Auctioned every week, the Treasury bills (T-bills) are short-term debt obligations backed by the U.S. government. T-bills are issued through a competitive bidding process at a discount or at par (face value). Based on the investor’s demand for the bill, interest rates are determined at the auction.

Must know: What is driving the demand for 52-week Treasury bills?Auction highlights for a 12-month Treasury bill

Last week, the U.S. 52-week T-bill saw its highest investor demand since 2008 periods. The auction was very strong at 4.85x bid/cover ratio for $25 billion issuance compared to the previous week’s auction of $18.0 billion at 3.70x bid/cover ratio.

What does the situation imply?

Among all the short-term T-bills, demand for the 12-month T-bill was relatively high as seen in the chart above. The bid/cover ratio was 4.85x, highest since the beginning of the year 2014 and in last six years.

The 12-month T-bill rates have increased to 0.11% to 0.12% last week, but still lower than the issuance for month of June and July 2012 at 0.19% to 0.20%. The 12-month T-bill rates are a popular index for making changes in the adjustable mortgage rate. Higher interest rates imply that the adjustable mortgage rate would increase, which is not good for the borrowers, as cost of borrowings increases. Borrowers have to pay high interest rates on their mortgages than what they could have paid in the fixed-rate mortgages. Other things being constant, increase in the adjustable mortgages rate could impact the consumer spending, but if the housing prices continue to rise, then there is a greater incentive for investors to spend.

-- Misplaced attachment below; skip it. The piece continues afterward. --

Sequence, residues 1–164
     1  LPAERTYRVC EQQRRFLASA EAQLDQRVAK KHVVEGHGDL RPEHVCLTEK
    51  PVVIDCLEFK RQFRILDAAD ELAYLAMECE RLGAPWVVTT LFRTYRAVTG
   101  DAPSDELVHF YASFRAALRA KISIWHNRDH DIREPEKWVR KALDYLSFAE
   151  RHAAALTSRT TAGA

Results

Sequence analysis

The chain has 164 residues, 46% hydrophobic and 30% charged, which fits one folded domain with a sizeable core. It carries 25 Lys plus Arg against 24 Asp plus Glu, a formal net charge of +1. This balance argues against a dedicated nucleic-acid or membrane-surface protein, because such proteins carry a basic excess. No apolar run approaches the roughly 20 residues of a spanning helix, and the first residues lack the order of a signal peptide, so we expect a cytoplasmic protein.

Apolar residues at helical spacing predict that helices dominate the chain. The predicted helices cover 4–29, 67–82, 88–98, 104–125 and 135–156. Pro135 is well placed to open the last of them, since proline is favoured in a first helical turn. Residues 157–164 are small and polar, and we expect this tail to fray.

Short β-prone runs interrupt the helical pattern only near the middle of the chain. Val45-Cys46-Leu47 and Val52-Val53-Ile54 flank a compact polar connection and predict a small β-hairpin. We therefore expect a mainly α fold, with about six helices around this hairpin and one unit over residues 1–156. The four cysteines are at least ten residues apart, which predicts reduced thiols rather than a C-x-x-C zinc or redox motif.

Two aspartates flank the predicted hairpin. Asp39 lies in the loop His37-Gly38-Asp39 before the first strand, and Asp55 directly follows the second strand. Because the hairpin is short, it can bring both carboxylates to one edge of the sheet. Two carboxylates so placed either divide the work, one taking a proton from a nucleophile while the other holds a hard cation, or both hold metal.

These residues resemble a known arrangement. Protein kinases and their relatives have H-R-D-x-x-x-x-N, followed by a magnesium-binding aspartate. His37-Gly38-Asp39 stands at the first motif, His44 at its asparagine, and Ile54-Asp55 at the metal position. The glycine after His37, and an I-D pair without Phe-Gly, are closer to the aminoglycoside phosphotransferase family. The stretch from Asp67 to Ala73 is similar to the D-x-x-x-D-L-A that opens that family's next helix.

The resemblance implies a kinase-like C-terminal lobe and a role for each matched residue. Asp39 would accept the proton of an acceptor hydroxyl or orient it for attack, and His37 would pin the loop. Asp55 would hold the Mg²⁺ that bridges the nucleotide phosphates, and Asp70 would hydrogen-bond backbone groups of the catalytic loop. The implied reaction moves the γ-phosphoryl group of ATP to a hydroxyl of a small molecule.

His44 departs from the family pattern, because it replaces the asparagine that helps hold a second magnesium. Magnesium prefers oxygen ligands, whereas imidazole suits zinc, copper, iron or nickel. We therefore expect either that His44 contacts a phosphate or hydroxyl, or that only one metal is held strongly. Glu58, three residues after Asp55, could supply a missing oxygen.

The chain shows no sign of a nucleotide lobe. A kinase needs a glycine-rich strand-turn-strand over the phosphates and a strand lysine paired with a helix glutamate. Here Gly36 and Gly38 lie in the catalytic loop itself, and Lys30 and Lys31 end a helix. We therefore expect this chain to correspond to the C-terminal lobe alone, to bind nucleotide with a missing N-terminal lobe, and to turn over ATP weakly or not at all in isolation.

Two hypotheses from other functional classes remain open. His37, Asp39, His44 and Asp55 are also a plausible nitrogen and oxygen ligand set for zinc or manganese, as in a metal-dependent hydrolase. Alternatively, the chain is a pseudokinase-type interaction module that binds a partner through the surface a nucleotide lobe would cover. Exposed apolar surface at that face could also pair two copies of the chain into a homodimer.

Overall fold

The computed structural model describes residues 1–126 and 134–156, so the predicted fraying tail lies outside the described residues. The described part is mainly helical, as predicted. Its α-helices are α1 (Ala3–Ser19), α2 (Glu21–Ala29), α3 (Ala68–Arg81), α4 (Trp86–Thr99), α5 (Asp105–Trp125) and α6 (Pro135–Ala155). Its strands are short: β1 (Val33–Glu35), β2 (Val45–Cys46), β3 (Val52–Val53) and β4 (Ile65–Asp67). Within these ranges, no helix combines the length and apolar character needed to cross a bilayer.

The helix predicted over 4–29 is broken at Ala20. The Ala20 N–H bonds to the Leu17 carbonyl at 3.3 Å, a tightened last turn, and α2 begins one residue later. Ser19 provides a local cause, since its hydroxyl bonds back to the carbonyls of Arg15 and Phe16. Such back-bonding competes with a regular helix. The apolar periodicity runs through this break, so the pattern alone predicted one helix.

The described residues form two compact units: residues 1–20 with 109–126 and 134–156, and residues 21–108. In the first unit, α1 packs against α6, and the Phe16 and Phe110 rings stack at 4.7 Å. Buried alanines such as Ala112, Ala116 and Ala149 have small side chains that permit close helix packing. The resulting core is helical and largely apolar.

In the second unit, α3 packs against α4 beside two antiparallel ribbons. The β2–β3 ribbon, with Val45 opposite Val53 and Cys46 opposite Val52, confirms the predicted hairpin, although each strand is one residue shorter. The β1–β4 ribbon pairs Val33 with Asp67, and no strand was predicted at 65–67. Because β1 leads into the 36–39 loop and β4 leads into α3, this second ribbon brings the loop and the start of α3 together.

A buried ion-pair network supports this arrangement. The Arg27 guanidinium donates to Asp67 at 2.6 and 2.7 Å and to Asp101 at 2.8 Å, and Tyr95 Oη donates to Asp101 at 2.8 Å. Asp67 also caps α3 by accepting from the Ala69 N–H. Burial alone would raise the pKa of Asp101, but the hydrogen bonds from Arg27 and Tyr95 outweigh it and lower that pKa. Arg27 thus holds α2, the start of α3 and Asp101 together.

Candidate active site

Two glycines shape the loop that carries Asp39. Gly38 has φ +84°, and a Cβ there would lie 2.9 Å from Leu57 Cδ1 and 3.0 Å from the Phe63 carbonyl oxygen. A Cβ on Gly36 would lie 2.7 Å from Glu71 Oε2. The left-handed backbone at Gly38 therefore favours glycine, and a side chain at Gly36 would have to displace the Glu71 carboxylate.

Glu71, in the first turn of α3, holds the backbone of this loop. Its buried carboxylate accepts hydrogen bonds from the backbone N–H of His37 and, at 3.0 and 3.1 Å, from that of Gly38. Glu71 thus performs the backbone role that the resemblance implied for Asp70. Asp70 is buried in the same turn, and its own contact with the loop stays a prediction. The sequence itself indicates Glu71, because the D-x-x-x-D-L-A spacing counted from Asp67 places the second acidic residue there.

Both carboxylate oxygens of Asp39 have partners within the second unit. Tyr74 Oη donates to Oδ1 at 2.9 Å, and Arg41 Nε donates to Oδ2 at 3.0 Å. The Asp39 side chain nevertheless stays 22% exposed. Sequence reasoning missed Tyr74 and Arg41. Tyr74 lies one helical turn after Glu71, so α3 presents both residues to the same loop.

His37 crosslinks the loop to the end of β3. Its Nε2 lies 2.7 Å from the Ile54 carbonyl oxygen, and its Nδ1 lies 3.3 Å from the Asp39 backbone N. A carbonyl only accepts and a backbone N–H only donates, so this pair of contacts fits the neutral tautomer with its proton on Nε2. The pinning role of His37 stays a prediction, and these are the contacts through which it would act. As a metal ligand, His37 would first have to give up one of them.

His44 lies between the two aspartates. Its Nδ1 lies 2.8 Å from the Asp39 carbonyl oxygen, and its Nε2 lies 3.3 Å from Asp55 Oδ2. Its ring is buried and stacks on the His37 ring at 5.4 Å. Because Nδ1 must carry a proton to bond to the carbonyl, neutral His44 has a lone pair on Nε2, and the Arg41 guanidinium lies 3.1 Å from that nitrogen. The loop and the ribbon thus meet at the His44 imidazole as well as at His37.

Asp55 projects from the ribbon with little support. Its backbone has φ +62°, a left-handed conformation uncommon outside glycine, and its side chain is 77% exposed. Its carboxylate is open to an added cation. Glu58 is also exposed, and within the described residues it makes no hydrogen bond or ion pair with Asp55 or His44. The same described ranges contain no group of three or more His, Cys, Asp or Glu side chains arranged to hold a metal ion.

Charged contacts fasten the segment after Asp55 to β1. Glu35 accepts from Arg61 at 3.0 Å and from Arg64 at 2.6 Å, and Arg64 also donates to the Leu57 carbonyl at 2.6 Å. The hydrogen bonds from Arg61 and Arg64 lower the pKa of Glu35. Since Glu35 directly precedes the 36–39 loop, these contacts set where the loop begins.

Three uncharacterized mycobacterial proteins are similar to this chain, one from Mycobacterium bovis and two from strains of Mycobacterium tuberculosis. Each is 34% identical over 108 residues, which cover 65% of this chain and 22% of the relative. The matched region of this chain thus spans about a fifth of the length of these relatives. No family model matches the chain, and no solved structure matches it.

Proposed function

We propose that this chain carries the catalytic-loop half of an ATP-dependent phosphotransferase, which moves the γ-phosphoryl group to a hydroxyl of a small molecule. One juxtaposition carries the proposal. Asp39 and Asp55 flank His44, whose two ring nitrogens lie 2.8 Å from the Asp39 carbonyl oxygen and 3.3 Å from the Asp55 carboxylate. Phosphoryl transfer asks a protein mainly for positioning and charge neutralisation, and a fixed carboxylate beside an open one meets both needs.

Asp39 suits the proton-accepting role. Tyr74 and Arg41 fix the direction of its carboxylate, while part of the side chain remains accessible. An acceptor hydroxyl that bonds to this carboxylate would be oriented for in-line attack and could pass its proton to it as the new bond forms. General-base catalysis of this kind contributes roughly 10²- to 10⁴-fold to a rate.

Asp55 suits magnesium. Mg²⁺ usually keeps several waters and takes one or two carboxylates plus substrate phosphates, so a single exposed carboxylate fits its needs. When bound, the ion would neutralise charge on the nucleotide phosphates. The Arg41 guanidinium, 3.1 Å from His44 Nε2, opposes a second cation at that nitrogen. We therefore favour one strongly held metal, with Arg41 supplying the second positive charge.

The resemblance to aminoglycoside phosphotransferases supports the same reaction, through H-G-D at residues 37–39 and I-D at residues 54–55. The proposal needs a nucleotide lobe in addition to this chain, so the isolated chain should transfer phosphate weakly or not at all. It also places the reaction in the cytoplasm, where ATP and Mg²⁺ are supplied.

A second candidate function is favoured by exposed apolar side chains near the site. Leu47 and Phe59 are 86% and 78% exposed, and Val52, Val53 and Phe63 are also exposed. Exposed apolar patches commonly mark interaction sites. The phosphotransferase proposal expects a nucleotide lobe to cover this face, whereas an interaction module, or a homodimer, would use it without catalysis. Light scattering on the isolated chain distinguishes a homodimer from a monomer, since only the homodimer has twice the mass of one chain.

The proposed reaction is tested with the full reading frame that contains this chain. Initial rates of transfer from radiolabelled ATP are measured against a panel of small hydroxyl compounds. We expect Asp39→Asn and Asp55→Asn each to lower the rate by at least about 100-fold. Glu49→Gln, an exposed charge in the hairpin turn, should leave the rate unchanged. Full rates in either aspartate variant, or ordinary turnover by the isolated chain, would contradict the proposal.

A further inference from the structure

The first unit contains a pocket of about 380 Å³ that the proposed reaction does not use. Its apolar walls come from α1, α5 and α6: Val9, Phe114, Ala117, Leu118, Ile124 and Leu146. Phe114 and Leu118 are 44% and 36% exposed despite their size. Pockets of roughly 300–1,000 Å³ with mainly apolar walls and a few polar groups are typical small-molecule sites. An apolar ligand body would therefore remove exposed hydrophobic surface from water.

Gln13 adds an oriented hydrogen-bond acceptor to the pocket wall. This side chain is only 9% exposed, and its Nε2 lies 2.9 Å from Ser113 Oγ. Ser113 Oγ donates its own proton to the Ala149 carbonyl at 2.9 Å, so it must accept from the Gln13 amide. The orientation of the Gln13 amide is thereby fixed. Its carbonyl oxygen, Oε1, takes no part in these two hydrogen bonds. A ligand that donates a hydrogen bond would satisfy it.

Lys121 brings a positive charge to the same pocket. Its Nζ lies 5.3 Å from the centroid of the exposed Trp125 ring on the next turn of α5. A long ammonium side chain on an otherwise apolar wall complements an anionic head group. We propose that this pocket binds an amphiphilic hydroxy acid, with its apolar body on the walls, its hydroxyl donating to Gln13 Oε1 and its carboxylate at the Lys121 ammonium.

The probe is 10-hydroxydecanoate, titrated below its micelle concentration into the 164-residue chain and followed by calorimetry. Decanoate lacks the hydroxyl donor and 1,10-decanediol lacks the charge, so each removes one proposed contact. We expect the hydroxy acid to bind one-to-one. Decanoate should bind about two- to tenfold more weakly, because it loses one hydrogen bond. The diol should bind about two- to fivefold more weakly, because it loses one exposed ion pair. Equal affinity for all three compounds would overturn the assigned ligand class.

Changes in the adjustable mortgage rates could impact the share price and valuations for the home builders including D.R. Horton (DHI) and Lennar Corporation (LEN).

Relevant ETFs

There are many ETFs available in the market tracking one–three year or above performance of the U.S. Treasury bill market. Some of them include iShares 1-3 Year Treasury Bond (SHY), 1-5 Years U.S. TIPS Index Fund (STPZ), and iShares 1-3 Year International Treasury Bond (ISHG). The profiles of these ETFs and the movements in the ETF fund flows are discussed below. Fund flows can be used to assess the investor demand in the market.

The iShares 1-3 Year Treasury Bond (SHY) seeks investment results that correspond generally to the price and yield performance, before fees and expenses, of the Barclays U.S. 1-3 Year Treasury Bond Index. The index reported a fund outflow of $110.23 million last week. The one-month fund flow is a negative $231.6 million.

The iShares 1-3 Year International Treasury Bond (ISHG) seeks to track the investment results of an index composed of non-U.S. developed market government bonds with remaining maturities between one and three years. The fund seeks to track the investment results of the S&P/Citigroup International Treasury Bond Index Ex-US 1-3 Year and is a broad, diverse, market value-weighted index designed to measure the performance of bonds denominated in local currencies and issued by foreign governments in developed market countries outside the U.S. that have a remaining maturity of greater than one year and less than or equal to three years. The index reported a fund inflow of $0.38million last week. The one-month fund flow was positive at $0.95 million.

SPDR Barclays Intermediate Term Treasury (ITE) seeks to provide investment results that, before fees and expenses, correspond generally to the price and yield performance of an index that tracks the one–ten year sector of the U.S. Treasury market. The index reported a fund outflow of $0.70 million last week. The one-month fund flow was positive at $2.49 million.

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